The role of interannual rainfall variability on runoff generation in a small dry sub-humid watershed with disperse tree cover

Susanne Schnabel, Alvaro Gómez-Gutiérrez

Abstract


Recent studies in small experimental catchments under Mediterranean-type climate revealed a complex hydrological catchment response, presenting saturation excess runoff generation and, to a minor degree, infiltration excess flow. Many of these catchments, however, belong to areas with sub-humid or humid Mediterranean climate. Catchment studies were carried out since 1991 in savannah-like grazed land (dehesas), which are widespread in south-western Spain, and also elsewhere in the Mediterranean. Albeit knowledge gained by previous studies, no thorough analysis has been carried out on the temporal variation of discharge production using the complete dataset. The objectives include i) an analysis of the temporal variation of discharge and rainfall at different temporal scales, ii) exploration of the role of antecedent soil moisture conditions in runoff production, iii) empirical modeling of rainfallrunoff relationships at the event scale and iv) definition of the importance of interannual rainfall variation on discharge production. The analysis were based on rainfall and runoff which were monitored at a time resolution of 5 minutes and periodically measured soil moisture from various depth in the valley bottom. Regression analysis as well as the comparison of hydrographs illustrate on the importance of antecedent rainfall conditions. Soil moisture in the valley bottom was crucial to understand the hydrological behaviour of the catchment. A soil moisture threshold of 0.37 m3 m-3 was defined above which runoff coefficients increase sharply. This situation is reached with 170 mm of antecedent rain falling in a continuous way. The results indicate that saturation excess flow and preferential subsurface flow processes are responsible of most of the runoff generated. Hortonian type overland flow dominates under dry soil conditions and is produced by high intensity rainfall. Non-linear regression analysis with data grouped according to antecedent catchment conditions produced highly significant regression models, explaining event discharge with three variables: Maximum 60-minute rainfall intensity (I60), event rainfall minus I60 and mean antecedent daily rainfall. Variability of monthly runoff is best explained by interannual rainfall variation rather than by mean seasonal distribution. During droughts, which are a common feature in the Mediterranean, discharge was very low. Runoff is highly concentrated in time with 10% of the months accounting for 85% of total discharge.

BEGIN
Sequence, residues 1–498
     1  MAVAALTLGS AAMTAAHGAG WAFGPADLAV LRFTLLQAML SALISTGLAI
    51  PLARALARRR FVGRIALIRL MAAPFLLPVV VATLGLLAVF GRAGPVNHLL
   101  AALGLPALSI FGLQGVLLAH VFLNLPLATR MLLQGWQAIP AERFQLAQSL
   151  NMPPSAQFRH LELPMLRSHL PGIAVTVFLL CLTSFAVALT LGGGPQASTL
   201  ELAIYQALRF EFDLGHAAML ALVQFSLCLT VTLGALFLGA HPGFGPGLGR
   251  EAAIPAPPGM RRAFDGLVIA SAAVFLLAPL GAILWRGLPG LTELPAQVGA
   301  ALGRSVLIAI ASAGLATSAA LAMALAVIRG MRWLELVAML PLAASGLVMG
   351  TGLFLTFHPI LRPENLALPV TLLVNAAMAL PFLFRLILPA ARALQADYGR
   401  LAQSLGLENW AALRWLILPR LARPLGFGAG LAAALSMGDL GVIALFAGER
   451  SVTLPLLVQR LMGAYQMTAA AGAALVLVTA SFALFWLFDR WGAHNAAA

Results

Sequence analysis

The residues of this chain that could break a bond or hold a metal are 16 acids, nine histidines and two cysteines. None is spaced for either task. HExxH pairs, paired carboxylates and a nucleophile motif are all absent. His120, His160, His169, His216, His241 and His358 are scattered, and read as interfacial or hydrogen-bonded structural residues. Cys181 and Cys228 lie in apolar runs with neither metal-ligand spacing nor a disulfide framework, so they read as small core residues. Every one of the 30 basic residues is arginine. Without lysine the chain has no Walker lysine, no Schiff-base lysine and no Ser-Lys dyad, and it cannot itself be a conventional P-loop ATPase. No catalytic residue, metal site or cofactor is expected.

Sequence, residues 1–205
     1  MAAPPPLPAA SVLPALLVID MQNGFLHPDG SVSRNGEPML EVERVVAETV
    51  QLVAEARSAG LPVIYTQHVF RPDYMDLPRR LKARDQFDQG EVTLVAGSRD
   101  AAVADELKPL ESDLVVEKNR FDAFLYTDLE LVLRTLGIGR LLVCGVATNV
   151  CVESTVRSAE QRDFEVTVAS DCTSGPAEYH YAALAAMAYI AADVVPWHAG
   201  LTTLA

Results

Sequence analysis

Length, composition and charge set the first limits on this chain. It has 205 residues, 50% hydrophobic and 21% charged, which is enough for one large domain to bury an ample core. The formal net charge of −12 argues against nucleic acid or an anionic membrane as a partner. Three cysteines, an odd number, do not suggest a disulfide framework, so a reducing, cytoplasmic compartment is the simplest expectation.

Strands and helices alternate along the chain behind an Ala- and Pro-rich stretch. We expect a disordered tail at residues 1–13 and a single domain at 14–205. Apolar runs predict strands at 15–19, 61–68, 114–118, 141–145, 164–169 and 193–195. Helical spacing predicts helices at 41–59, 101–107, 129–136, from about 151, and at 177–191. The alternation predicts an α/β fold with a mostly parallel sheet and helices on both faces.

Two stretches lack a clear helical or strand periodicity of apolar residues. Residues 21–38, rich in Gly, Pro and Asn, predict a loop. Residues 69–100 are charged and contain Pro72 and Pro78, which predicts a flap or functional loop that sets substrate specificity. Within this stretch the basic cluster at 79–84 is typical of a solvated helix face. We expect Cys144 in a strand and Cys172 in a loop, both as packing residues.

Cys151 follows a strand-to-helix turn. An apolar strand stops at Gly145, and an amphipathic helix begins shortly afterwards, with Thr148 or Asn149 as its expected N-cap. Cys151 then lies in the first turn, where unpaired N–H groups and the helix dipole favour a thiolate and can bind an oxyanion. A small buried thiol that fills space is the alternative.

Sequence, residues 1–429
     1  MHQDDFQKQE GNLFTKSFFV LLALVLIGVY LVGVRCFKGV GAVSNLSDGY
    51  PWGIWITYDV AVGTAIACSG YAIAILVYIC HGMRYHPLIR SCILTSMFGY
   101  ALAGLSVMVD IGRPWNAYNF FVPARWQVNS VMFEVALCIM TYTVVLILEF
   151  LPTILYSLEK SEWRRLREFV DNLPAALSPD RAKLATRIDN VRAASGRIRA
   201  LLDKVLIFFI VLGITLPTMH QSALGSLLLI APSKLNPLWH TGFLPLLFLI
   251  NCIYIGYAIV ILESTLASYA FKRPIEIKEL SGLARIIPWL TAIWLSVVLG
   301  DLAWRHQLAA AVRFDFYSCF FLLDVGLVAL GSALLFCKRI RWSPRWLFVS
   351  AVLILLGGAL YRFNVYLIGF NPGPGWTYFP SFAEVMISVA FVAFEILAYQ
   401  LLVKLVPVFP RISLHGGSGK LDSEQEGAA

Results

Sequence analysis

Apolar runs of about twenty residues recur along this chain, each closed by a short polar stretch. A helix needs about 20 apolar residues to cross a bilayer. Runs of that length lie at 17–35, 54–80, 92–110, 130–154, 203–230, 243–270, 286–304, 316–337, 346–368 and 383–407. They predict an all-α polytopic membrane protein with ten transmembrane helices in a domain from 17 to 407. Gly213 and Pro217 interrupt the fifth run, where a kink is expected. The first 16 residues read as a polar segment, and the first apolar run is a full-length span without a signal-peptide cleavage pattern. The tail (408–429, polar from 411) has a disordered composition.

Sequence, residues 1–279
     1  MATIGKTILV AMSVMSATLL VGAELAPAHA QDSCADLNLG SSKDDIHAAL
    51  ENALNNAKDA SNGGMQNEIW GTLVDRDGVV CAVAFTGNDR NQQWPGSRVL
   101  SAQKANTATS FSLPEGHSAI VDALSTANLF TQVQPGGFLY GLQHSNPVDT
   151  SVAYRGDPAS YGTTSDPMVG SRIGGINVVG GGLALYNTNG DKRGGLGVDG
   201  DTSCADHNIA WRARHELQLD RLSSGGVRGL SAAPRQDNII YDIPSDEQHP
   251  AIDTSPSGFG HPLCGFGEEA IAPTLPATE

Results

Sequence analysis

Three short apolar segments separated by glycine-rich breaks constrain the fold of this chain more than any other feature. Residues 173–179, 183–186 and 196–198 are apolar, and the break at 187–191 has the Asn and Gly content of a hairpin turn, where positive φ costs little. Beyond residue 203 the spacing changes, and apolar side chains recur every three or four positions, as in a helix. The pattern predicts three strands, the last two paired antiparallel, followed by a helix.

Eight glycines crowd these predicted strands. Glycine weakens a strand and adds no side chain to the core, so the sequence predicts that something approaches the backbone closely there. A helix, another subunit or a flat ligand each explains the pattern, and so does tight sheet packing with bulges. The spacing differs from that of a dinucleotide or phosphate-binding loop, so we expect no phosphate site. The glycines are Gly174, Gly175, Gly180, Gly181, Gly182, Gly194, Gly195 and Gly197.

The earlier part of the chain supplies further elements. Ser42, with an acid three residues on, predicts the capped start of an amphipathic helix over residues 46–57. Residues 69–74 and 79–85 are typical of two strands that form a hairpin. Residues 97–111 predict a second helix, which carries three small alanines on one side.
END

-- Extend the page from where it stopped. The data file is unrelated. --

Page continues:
Keywords


discharge, rainfall, soil moisture, empirical modelling, drought, dehesa,

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DOI: http://dx.doi.org/10.18172/cig.1991

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© Universidad de La Rioja, 2013

ISSN 0211-6820

EISSN 1697-9540